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104

Are socialists pacifists? Aren’t some wars justified?

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terms
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notes

Birch, J. (2016). Are socialists pacifists? Aren’t some wars justified?. In Sunkara, B. The ABCs of Socialism. Verso, pp. 104-119

111

Why should workers in other countries ally themselves with those in the United States, in whose name they are bombed and occupied? To the extent that Americans buy into the nationalism that inevitably goes along with their government’s machinations abroad, they make the emergence of a class-based movement against oppression and exploitation impossible.

on US military interventions acting to weaken cross-border class solidarity

—p.111 by Jonah Birch 4 years, 4 months ago

Why should workers in other countries ally themselves with those in the United States, in whose name they are bombed and occupied? To the extent that Americans buy into the nationalism that inevitably goes along with their government’s machinations abroad, they make the emergence of a class-based movement against oppression and exploitation impossible.

on US military interventions acting to weaken cross-border class solidarity

—p.111 by Jonah Birch 4 years, 4 months ago
114

More fundamentally, it is important to be clear that our support for groups fighting against their oppression, at the hands of the US government or anyone else, does not mean that we’re always uncritical of these forces. One need only look at the growing levels of inequality and the increasing penetration of global capitalism in South Africa since the fall of apartheid, or in Vietnam since its liberation, to see that even victorious struggles need not produce a truly just outcome. Indeed, while expressing solidarity with movements challenging oppression, socialists must be willing to criticize those waging these struggles, whenever necessary—whether that criticism is made on political, strategic, or even moral grounds.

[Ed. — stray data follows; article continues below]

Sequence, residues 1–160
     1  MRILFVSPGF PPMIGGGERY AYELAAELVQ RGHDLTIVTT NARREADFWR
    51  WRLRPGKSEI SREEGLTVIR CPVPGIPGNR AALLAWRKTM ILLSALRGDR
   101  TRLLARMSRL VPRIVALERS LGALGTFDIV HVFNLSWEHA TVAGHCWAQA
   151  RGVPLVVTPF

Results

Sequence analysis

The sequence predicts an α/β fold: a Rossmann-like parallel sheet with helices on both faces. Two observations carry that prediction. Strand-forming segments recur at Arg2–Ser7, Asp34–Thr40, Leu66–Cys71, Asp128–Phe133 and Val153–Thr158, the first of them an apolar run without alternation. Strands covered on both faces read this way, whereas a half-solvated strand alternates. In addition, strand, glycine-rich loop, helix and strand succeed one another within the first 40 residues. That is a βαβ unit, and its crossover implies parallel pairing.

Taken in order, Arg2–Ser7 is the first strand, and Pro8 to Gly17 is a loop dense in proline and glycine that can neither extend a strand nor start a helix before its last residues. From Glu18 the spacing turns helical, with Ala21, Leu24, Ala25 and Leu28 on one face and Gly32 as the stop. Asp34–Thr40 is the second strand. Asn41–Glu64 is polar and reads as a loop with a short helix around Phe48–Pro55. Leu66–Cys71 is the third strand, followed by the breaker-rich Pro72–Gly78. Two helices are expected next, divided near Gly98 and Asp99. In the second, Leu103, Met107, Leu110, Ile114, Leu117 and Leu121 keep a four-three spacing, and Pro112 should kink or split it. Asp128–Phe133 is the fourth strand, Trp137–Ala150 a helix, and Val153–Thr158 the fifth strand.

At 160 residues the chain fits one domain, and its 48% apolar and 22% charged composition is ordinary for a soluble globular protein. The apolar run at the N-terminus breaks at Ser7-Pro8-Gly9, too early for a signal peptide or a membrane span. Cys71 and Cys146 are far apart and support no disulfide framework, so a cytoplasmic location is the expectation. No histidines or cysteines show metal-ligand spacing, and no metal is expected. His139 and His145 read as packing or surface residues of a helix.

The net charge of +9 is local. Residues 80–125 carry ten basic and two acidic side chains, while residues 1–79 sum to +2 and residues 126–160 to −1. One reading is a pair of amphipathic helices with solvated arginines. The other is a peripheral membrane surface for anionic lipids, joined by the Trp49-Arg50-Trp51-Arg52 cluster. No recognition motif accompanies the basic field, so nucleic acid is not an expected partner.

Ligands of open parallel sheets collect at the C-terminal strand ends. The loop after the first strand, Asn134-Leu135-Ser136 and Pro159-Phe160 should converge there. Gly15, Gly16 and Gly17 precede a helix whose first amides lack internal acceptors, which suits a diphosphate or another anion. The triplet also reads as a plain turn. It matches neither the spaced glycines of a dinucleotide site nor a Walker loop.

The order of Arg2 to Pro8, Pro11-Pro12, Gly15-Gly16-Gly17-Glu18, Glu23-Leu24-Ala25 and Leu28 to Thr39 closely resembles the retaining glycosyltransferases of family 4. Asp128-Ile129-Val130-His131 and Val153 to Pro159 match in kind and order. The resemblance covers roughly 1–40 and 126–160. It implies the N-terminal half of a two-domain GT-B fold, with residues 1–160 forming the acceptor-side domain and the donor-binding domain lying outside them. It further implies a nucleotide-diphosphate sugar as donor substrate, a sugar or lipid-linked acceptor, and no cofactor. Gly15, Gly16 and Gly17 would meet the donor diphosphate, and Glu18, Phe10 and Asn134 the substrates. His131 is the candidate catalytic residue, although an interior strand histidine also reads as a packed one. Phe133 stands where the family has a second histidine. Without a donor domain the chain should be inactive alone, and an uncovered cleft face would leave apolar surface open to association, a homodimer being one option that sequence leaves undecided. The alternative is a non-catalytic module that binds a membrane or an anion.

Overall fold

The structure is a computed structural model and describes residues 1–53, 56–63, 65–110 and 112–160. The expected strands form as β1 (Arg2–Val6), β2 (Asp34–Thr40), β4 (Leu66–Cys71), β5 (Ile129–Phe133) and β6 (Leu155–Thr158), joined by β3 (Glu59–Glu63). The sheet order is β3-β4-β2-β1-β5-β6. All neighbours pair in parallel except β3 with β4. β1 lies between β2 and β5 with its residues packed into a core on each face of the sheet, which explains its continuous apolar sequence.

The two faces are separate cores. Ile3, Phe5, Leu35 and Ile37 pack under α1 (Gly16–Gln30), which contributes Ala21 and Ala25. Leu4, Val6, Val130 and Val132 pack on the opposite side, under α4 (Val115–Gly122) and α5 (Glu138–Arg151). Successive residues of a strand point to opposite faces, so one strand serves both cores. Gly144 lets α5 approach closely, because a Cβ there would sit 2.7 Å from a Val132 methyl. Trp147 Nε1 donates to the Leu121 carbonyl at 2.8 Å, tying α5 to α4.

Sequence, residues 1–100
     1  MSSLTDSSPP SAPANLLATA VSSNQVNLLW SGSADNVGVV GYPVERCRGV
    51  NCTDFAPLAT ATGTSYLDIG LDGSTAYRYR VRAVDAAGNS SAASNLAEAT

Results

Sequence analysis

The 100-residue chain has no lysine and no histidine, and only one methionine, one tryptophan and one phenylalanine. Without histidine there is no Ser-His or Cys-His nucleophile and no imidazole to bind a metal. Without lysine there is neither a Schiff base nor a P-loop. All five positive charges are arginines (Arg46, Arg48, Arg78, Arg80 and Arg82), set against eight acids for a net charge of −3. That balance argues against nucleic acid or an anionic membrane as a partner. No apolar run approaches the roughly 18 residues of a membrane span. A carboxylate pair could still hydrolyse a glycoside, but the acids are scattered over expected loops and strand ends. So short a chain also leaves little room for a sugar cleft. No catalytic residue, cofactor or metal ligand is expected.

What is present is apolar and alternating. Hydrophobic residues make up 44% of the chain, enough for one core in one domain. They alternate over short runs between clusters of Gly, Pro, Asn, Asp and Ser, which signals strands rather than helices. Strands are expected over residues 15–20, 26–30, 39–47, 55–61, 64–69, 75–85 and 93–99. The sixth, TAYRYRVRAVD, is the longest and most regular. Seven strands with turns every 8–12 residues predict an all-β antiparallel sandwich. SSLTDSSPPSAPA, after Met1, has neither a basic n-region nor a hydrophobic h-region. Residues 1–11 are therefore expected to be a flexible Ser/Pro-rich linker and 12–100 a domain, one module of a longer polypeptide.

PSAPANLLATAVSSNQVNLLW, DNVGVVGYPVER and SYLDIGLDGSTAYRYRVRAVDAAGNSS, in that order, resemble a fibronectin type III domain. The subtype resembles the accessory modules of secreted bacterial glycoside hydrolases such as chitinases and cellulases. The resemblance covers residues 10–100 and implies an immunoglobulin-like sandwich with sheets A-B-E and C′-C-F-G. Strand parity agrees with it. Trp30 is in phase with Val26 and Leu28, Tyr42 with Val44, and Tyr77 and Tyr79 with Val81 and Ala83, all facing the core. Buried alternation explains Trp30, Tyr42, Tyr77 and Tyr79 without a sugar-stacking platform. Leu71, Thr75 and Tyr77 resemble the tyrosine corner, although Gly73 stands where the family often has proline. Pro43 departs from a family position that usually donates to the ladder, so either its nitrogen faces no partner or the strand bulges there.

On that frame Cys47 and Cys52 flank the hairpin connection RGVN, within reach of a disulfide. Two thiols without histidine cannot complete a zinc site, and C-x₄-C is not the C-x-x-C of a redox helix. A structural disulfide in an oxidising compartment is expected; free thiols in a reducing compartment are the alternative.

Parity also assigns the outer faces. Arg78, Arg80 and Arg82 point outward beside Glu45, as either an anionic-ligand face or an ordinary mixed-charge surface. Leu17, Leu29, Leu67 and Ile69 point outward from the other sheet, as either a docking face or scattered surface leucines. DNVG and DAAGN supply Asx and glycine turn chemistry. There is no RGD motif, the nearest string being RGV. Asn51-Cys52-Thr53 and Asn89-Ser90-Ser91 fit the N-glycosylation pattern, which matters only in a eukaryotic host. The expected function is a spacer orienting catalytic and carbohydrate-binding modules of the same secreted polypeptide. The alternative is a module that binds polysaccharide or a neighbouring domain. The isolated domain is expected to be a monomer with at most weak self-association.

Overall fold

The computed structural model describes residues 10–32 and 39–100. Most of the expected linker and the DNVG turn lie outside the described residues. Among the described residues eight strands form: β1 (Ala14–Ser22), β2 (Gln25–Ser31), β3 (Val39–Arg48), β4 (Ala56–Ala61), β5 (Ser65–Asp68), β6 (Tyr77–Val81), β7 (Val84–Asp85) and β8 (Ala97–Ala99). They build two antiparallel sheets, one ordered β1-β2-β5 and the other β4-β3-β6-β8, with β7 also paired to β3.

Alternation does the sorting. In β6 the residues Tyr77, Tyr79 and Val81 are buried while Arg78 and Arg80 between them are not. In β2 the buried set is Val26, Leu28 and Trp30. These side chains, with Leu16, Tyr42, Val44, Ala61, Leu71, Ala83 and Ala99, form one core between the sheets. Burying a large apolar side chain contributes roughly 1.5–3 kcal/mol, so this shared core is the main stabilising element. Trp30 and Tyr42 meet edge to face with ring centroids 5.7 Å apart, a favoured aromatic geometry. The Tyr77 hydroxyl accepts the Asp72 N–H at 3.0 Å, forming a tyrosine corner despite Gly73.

But neither do we treat all sides in a particular conflict as if they were the same. Above all, we oppose our own government’s role in propagating wars, or expanding its military and political influence, at the expense of the working classes of the world. As the German revolutionary Karl Liebknecht put it in a speech during World War I, we understand that “the main enemy is at home.”

—p.114 by Jonah Birch 4 years, 4 months ago

More fundamentally, it is important to be clear that our support for groups fighting against their oppression, at the hands of the US government or anyone else, does not mean that we’re always uncritical of these forces. One need only look at the growing levels of inequality and the increasing penetration of global capitalism in South Africa since the fall of apartheid, or in Vietnam since its liberation, to see that even victorious struggles need not produce a truly just outcome. Indeed, while expressing solidarity with movements challenging oppression, socialists must be willing to criticize those waging these struggles, whenever necessary—whether that criticism is made on political, strategic, or even moral grounds.

But neither do we treat all sides in a particular conflict as if they were the same. Above all, we oppose our own government’s role in propagating wars, or expanding its military and political influence, at the expense of the working classes of the world. As the German revolutionary Karl Liebknecht put it in a speech during World War I, we understand that “the main enemy is at home.”

—p.114 by Jonah Birch 4 years, 4 months ago

(noun) a painkilling drug or medicine

115

Although he is often depicted as an anodyne moralist, a precursor to multicultural liberalism, King was actually a visionary whose politics became increasing radical in tandem with the movement he led.

—p.115 by Jonah Birch
notable
4 years, 4 months ago

Although he is often depicted as an anodyne moralist, a precursor to multicultural liberalism, King was actually a visionary whose politics became increasing radical in tandem with the movement he led.

—p.115 by Jonah Birch
notable
4 years, 4 months ago